Doo–Sabin subdivision surface

From Wikipedia, the free encyclopedia
Jump to navigation Jump to search
A Doo-Sabin mesh after 2 levels of refinement. The new faces come from vertices, edges and faces of the original mesh (colored dark, white, and midtone respectively).

In 3D computer graphics, a Doo–Sabin subdivision surface is a type of subdivision surface based on a generalization of bi-quadratic uniform B-splines, whereas Catmull-Clark was based on generalized bi-cubic uniform B-splines. The subdivision refinement algorithm was developed in 1978 by Daniel Doo and Malcolm Sabin.[1][2]

The Doo-Sabin process generates one new face at each original vertex, n new faces along each original edge, and n2 new faces at each original face. A primary characteristic of the Doo–Sabin subdivision method is the creation of four faces and four edges (valence 4) around every new vertex in the refined mesh. A drawback is that the faces created at the original vertices may be triangles or n-gons that are not necessarily coplanar.

Evaluation[edit]

Doo–Sabin surfaces are defined recursively. Like all subdivision procedures, each refinement iteration, following the procedure given, replaces the current mesh with a "smoother", more refined mesh.[2] After many iterations, the surface will gradually converge onto a smooth limit surface.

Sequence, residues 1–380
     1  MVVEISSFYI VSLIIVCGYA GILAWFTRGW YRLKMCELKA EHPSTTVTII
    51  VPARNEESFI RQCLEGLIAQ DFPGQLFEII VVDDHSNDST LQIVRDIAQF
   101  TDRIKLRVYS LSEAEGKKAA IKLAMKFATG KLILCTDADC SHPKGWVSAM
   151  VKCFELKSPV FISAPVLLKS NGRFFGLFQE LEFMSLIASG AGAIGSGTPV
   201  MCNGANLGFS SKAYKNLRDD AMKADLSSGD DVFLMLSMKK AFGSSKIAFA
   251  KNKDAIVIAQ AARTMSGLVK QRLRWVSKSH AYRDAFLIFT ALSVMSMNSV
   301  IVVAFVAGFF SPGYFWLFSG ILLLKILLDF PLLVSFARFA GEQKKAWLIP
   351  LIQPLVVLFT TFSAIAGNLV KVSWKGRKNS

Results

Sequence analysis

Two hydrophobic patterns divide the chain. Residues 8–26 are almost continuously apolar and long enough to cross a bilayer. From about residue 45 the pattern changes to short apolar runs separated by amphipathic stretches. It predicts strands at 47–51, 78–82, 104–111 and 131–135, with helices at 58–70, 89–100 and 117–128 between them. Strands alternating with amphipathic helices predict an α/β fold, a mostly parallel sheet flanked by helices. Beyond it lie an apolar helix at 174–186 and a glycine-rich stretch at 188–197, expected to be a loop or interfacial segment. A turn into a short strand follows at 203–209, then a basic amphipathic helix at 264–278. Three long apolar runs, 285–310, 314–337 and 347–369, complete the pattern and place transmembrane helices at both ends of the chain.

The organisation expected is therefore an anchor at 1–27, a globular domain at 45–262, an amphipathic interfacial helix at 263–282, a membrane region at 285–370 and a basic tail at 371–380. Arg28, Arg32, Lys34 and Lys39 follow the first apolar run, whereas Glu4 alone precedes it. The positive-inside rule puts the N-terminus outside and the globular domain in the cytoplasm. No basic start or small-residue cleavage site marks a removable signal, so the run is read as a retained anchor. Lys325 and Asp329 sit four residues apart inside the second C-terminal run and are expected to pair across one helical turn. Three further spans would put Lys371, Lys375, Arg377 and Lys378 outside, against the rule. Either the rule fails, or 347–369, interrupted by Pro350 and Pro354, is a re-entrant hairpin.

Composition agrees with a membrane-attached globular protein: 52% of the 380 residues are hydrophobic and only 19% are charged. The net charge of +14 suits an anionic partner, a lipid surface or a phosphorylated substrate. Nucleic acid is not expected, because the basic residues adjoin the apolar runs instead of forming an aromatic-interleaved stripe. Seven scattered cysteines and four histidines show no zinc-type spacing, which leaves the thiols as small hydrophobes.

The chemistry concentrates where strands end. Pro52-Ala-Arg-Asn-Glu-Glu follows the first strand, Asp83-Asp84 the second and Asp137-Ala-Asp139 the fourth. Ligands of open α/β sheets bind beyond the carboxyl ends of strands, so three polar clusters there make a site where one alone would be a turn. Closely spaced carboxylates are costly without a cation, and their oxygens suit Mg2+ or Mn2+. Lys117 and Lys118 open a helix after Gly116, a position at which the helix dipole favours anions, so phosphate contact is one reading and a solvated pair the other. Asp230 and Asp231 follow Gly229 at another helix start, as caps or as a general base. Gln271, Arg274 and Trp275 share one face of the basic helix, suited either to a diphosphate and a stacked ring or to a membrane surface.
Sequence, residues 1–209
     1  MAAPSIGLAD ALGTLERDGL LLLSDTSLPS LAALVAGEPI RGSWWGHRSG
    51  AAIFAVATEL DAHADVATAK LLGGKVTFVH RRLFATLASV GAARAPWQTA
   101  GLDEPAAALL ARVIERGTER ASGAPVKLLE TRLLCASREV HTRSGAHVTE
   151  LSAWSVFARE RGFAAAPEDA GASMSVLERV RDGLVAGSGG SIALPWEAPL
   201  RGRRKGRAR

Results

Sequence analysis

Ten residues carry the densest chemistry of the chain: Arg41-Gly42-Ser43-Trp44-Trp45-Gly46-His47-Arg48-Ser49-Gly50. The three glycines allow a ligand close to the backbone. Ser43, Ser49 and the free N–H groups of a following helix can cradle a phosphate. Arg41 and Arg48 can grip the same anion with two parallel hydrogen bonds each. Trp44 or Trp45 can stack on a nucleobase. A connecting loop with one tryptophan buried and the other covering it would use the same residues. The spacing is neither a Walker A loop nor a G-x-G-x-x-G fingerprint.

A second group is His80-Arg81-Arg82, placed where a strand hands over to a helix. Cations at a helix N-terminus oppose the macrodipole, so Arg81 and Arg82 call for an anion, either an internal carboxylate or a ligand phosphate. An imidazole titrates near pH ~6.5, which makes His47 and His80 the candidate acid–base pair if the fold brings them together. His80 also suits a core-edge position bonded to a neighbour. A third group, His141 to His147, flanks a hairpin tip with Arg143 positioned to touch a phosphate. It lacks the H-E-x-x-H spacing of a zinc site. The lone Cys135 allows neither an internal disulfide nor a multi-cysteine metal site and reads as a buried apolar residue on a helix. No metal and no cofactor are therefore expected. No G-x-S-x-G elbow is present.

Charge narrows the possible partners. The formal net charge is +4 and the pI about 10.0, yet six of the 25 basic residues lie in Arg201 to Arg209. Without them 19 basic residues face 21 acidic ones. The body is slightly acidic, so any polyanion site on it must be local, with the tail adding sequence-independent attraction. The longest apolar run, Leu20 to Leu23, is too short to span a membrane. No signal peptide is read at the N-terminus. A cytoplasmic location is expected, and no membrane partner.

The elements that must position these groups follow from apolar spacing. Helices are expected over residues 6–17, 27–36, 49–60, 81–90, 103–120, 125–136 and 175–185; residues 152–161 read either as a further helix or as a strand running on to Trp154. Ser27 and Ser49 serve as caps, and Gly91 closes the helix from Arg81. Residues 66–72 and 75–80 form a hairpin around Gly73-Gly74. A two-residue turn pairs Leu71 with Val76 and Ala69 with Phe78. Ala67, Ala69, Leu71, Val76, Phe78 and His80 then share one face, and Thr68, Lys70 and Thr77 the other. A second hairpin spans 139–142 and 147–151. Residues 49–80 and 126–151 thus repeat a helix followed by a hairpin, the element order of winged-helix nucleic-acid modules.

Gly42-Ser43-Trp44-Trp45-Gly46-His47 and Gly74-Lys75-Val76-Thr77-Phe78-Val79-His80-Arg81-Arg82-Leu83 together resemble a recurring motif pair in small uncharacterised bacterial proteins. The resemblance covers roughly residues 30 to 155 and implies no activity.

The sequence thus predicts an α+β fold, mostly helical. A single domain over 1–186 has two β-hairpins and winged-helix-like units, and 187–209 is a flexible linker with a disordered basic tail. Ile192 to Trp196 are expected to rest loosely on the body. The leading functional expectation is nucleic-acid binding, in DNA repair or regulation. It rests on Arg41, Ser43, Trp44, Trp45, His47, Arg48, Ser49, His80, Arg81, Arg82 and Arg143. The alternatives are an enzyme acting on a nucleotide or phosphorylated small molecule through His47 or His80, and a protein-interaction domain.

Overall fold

Just as for Catmull–Clark surfaces, Doo–Sabin limit surfaces can also be evaluated directly without any recursive refinement, by means of the technique of Jos Stam.[3] The solution is, however, not as computationally efficient as for Catmull–Clark surfaces because the Doo–Sabin subdivision matrices are not (in general) diagonalizable.

Two Doo–Sabin refinement iterations on a ⊥-shaped quadrilateral mesh

See also[edit]

External links[edit]

  1. ^ D. Doo: A subdivision algorithm for smoothing down irregularly shaped polyhedrons, Proceedings on Interactive Techniques in Computer Aided Design, pp. 157 - 165, 1978 (pdf)[dead link]
  2. ^ a b D.Doo, M.Sabin: Behaviour of recursive division surfaces near extraordinary points, Computer Aided Design, pp. 356-360, 1978 ([1])
  3. ^ Jos Stam, Exact Evaluation of Catmull–Clark Subdivision Surfaces at Arbitrary Parameter Values, Proceedings of SIGGRAPH'98. In Computer Graphics Proceedings, ACM SIGGRAPH, 1998, 395–404 (pdf Archived 2018-05-09 at the Wayback Machine, downloadable eigenstructures)